Healthy lunchbox makeover for the new school year

Courtesy of ARA Content

As the sunny days of summer melt into the crisp, cool days of fall, parents and children shift focus from swimsuits and summer camps to the more serious business of entering a new school year—and this means school supplies, bus schedules, and school lunches become top of mind.

Though rushing to meet the hectic pace of another school year is inevitable, it’s important for parents and caregivers to make sure their kids are getting the nutrition they need to make it through the activity-packed school day.

“Today, parents are looking for healthy choices for their children’s lunches,” says Doug Degn, executive vice president for food and consumables for Wal-Mart Stores, Inc. “The addition of products like fruit cups or baby carrots to the lunchbox are simple ways to make lunchtime healthier.”

Degn and Wal-Mart Stores offer the following tips for kicking off a wholesome new school year:

Start with the basics

Peanut butter and jelly, turkey, ham, chicken salad, and tuna salad are healthful sandwich fillings loaded with protein—but sandwich bread is equally important. Some wholesome varieties include:

n IronKids Wheat Bread is soft bread sweetened with honey for taste. One slice has three grams of protein and all the fiber of whole wheat; two slices have the same amount of calcium as a single glass of milk.

n Hero Kids’ Recipe Bread from Mrs. Baird’s is the ideal bread for kids who prefer not to eat wheat because Hero Kids’ Recipe Bread provides more calcium and other nutrients than regular white bread.

n Nature’s Own Honey Wheat Bread is another alternative that is made with natural ingredients and doesn’t contain preservatives.

Add a side

Selections for wholesome side dishes are growing by the day in our increasingly health-conscious society, making it easier to include healthy lunch box selections. For example:

n Baby peeled carrots can often be purchased in snack-pack sizes, some as small as three ounces.

n Fruit is another convenient and healthy option like apples, bananas, and grapes. Raisins or Craisins, a cranberry-raisin combination, are tasty dried fruit alternatives that are easy to purchase in bulk and remain fresh for days.

n If raw fruit and veggies don’t do the trick, fruit cups like Mott’s Applesauce, Del Monte fruit cups, or Dole FruitBowls add a little bit of zing to a school lunch and are also easy to pack. Since these can be purchased in single servings, it’s easy to add in something healthy to a school lunch.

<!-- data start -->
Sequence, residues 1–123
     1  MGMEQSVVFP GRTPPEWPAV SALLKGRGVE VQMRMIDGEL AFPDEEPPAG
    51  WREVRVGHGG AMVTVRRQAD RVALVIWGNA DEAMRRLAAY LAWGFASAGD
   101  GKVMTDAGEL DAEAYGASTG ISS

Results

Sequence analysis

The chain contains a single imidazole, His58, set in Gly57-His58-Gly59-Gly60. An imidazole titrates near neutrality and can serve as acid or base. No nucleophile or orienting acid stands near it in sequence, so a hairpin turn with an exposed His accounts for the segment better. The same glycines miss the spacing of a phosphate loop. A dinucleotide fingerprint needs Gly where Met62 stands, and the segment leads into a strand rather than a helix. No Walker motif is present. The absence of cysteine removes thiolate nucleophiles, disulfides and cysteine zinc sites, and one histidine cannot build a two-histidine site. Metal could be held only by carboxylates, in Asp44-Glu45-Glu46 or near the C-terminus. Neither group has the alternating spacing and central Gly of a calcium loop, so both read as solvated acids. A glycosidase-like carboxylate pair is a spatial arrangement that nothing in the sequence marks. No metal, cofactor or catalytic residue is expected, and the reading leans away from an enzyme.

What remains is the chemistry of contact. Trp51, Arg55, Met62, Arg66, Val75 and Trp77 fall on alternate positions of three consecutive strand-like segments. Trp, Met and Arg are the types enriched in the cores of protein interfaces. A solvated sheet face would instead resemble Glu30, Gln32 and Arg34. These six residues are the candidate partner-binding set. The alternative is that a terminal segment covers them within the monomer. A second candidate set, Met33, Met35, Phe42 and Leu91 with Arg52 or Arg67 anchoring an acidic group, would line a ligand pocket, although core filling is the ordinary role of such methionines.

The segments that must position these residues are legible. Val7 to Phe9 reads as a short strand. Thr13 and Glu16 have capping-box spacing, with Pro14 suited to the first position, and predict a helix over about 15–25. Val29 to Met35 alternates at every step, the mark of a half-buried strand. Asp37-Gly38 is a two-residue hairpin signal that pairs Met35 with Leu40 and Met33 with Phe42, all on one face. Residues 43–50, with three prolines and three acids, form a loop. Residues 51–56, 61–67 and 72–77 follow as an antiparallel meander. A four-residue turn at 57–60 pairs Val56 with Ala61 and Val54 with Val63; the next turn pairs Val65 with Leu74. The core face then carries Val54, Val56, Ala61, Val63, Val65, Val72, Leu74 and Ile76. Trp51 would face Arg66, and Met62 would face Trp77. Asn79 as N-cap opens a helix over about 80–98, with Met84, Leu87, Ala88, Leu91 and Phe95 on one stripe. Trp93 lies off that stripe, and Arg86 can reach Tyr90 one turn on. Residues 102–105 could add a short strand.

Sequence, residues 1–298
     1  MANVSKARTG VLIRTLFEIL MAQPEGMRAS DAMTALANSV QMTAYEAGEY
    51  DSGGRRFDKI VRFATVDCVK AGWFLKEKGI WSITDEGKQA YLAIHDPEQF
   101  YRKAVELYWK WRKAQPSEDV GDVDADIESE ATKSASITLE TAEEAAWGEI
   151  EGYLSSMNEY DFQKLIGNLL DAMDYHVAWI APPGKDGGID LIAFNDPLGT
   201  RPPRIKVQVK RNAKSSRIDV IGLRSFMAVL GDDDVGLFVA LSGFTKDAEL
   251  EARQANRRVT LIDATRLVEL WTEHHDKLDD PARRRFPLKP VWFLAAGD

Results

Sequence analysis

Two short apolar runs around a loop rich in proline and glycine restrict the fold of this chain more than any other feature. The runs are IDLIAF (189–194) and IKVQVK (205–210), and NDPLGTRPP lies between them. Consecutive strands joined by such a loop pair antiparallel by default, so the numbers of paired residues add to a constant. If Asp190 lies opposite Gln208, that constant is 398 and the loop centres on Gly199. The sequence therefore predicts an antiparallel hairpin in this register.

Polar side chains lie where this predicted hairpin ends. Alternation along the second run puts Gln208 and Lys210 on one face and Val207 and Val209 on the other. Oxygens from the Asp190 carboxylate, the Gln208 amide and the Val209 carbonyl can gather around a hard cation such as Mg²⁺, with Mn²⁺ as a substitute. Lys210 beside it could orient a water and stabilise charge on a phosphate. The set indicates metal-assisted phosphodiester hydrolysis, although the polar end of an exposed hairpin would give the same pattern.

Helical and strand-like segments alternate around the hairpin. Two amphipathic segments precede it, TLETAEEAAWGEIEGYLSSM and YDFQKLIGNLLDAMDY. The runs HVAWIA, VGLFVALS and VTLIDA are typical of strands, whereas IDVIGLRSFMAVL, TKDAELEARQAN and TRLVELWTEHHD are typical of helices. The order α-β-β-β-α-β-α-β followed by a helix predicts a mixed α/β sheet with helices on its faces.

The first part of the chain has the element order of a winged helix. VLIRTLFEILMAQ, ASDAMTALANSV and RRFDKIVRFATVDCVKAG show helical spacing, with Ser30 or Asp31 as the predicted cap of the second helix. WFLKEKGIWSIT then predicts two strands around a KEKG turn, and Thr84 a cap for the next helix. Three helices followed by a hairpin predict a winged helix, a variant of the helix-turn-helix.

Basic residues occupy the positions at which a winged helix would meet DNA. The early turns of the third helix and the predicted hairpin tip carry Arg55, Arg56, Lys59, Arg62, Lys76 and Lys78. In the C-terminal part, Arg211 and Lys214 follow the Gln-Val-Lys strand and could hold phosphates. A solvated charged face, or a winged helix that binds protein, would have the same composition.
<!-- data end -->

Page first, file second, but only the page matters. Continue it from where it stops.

n Yogurt cups such as DANNON Danimals Yogurt, with vitamin D and calcium, are another healthful option.

That little something extra

Filling up a growing boy or girl can be difficult, but instead of reaching for sugar or fat-laden foods that can weigh kids down at lunchtime, there are several alternatives that can be added to a school lunch or make great after-school snacks, including:

n Frigo string cheese is a fun way for kids to get calcium in their diets.

n Nature Valley Granola Bars or Kellogg’s Nutri-Grain Bars can be eaten as “dessert” or make a healthy breakfast for families on-the-go.

Washing it down

No matter how badly they want it, it’s always a good idea to avoid packing sugar-packed sodas in a growing child’s lunch. There are many alternatives to soda on the market, many of which will, believe it or not, appeal to kids. And you can place frozen fruit drinks packaged in foil or cartons in the lunch box to keep foods cool until lunchtime.

n V8 Splash has more of the antioxidant vitamins A, C, and E than orange juice and is now available in single-servings and has a light, fresh taste.

n Tropicana Pure Premium Healthy Kids Orange Juice is also available in a package of six, and Kool-Aid Jammers, available in ready-to-go pouches, are convenient alternatives to soda.

n Drinking water is a very good habit to learn at an early age, and many water bottle companies make kid-sized bottled water that is ideal for children’s lunches.

Many discount retailers, like Wal-Mart, sell a variety of foods and snacks to make convenient, inexpensive, and wholesome school lunches.

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